The "IBD Effect" and a trip to Ring Mountain

I keep finding geologically interesting spots in South Africa. There is a never ending supply, actually. However, often times when I ask around to find out what kind of work has been done in one of these areas, I get an answer to the effect of, "It's been done". In the Saldania Belt, represented locally by the slate belt that underlies the Cape Town area, a lot of people told me "It's been done". Digging into the literature and archives of theses from the local universities, I found several pieces of really nice work. Some of them emphasized the structures in the area. But to my mind, there is actually a *giant hole* in the literature when a few theses, fewer than 10 journal articles, and a sprinkling of unpublished conference abstracts are considered "DONE" for an orogenic belt or accretionary complex (the literature is ambiguous as to which this is). After finding this phenomenon at several different localities around South Africa, my friend Jodie and I christened it the "It's Been Done Effect" or IBDE, which sounds like "Ibid". Get it?

In terms of the local slate belt, my friends at the survey agree it needs some more attention so I got a few students together and we're going for it. Peeling off the coastal belt of the Malmesbury Group for scrutiny. Hoping to get started asap with a mapping day starting at the Sea Point Contact. Starting where the last thesis left off... and importing an old friend with a global slate belt habit for help!

My beloved Franciscan Complex has suffered a bit of the IBDE. It was such a hot topic a few decades ago that people tend to think that It's Been Done. In fact, there are a lot of secrets still hidden in the Franciscan and a lot of unanswered questions. Only a small but hardcore loyal following still works on it (often as a pet project without substantive funding). As such, I took some visitors there during AGU - subduction people from New Zealand - California's geologic evil twin, in some ways - whom I thought would adequately appreciate it.

Ring Mountain has low grade sandstones and shales on the lower slopes. On top there is a plate of ultramafic rock. In between the two there is a complete mess. Sheared serpentinite melange in green, purple, white, yellow and black wraps around blocks and boulders of strange metamorphic rocks.

Here's a blueschist boulder with some intense folding of the internal foliation.
On its outside surface, the reaction rim between the silicate minerals of the boulder and the ultramafic serpentinite matrix breeds an actinolite and talc-rich reaction zone (green) wrapping the glaucophane-rich blueschist (violet).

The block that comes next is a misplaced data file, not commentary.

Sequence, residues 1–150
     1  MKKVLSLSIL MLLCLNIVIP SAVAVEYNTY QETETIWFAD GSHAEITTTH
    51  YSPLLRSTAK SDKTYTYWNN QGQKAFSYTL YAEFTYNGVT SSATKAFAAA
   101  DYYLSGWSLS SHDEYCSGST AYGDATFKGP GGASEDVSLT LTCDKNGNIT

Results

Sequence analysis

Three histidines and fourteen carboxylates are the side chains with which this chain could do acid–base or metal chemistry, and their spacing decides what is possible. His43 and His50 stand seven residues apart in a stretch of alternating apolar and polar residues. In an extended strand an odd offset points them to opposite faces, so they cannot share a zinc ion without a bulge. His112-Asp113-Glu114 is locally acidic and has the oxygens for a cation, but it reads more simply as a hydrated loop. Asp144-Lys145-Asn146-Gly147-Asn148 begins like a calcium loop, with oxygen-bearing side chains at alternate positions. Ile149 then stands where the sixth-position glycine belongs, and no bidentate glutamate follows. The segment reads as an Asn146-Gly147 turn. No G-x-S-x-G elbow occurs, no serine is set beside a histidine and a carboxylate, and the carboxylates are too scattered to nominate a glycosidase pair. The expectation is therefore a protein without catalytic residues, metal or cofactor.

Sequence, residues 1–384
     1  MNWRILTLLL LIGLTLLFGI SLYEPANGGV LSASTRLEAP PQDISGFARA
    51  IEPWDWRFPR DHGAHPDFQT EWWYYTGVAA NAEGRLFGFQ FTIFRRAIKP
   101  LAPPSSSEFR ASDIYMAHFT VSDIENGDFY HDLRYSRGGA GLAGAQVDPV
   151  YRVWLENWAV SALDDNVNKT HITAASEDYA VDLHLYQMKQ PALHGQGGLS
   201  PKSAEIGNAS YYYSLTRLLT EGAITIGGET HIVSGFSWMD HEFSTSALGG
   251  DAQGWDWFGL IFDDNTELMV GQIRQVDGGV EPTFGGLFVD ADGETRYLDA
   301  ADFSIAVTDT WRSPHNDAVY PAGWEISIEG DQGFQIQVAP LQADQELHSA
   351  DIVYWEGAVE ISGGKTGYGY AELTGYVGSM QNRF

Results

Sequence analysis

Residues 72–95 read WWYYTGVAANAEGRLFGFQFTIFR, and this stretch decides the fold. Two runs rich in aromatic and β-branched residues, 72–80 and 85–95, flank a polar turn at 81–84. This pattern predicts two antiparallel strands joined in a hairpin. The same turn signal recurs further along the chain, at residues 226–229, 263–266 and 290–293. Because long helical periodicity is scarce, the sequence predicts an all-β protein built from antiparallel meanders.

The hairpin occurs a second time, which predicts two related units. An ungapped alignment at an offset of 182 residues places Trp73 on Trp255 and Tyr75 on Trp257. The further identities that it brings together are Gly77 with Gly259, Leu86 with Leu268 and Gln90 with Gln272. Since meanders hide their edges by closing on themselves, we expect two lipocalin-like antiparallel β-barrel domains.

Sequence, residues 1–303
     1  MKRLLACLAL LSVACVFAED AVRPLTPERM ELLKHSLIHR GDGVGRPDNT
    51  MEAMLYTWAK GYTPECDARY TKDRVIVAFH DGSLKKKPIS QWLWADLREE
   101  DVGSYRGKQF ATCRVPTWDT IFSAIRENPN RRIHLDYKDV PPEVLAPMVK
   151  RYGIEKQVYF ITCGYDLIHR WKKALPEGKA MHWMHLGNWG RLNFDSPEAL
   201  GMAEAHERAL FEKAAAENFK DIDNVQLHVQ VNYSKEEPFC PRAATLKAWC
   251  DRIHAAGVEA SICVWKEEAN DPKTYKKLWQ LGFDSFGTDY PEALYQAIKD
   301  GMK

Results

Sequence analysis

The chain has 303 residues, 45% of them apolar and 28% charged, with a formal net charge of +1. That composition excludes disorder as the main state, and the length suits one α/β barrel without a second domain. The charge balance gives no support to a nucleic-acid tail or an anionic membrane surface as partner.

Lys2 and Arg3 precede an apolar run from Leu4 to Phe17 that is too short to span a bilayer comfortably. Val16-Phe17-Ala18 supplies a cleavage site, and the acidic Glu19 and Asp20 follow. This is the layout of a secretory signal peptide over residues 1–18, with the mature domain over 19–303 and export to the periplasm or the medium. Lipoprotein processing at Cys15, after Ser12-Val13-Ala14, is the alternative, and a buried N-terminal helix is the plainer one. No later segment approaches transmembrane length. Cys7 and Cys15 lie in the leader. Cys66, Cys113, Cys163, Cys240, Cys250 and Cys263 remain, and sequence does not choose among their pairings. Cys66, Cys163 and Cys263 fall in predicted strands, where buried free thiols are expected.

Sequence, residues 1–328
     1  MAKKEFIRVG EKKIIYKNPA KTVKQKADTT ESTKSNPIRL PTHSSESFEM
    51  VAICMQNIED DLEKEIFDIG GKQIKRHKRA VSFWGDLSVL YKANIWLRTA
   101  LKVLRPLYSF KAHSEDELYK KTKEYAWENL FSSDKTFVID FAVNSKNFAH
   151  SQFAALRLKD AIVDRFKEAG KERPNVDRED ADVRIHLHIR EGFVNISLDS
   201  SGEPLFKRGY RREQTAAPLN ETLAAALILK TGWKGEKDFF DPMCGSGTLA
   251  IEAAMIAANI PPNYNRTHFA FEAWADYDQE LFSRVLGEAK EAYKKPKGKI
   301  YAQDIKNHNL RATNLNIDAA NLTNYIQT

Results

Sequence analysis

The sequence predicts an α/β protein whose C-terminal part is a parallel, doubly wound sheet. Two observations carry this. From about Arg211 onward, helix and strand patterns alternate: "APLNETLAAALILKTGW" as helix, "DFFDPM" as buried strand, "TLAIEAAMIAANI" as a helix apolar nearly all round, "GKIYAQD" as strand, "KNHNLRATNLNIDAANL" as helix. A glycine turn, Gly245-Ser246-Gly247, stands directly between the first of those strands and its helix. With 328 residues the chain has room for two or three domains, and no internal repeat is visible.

Another boulder clast contains epidote-garnet zones where fluid has entered? or departed? along fractures in the blueschist rock. Sorry met friends, I don't know which. Can I use a lifeline? I'm going with departed.

Here's what reminded me to finally post these photos: One of my fellow members of the underground Ring Mountain club mentioned fucsite on Facebook. Is this it? I'm talking to you Naomi.

My camera took a crooked picture of me with VT and AF. Perhaps it's because it was distracted by the metamorphic block it sat on:
"Wakabayashi Block", in tribute to another die-hard Friend of the Franciscan.


Ava said...

Hi Christie,

My name is Ava and I'm the blog moderator for the blog on a site called The Reef Tank (http://www.thereeftank.com/blog) I had a question for you about your blog but couldn't find your e-mail address and was hoping you could e-mail me so I wouldn't have to ask it here. Please e-mail me at Charismaqueen100@gmail.com

Thank you! Keep up the great work!

andrew said...

That doesn't look like Waka . . .

The glittery green stuff certainly looks like fuchsite, a chromian mica you might well expect in a high-grade serpentinite.

But on to your real point: geologic research doesn't ever stop, unless you're a prospector maybe. New generations, or the same people with a few years more insight than before, need to revisit and reexamine the rocks. It took me a long time to learn that geologic maps are all interim, provisional documents that can always be improved.

JF said...

Christie, you may be interested to learn that one of Alex's honours student has been mapping the Sea Point contact in details (1 m = 2 cm I believe) last year: "IBDE"...
But seriously, I'm sure this piece of work could be integrated in whatever you'd be doing.

And yes indeed -- there is an amazing shortage of studies fo most SA rocks. But remember, we are just a handful of academic geologists for a country that is one million sq. km and contains such things as the Bushveld or Barberton -- to name just the two that are positively unique...

(By the way, I found a very nice fault in Barberton the other day, you would have loved it !)

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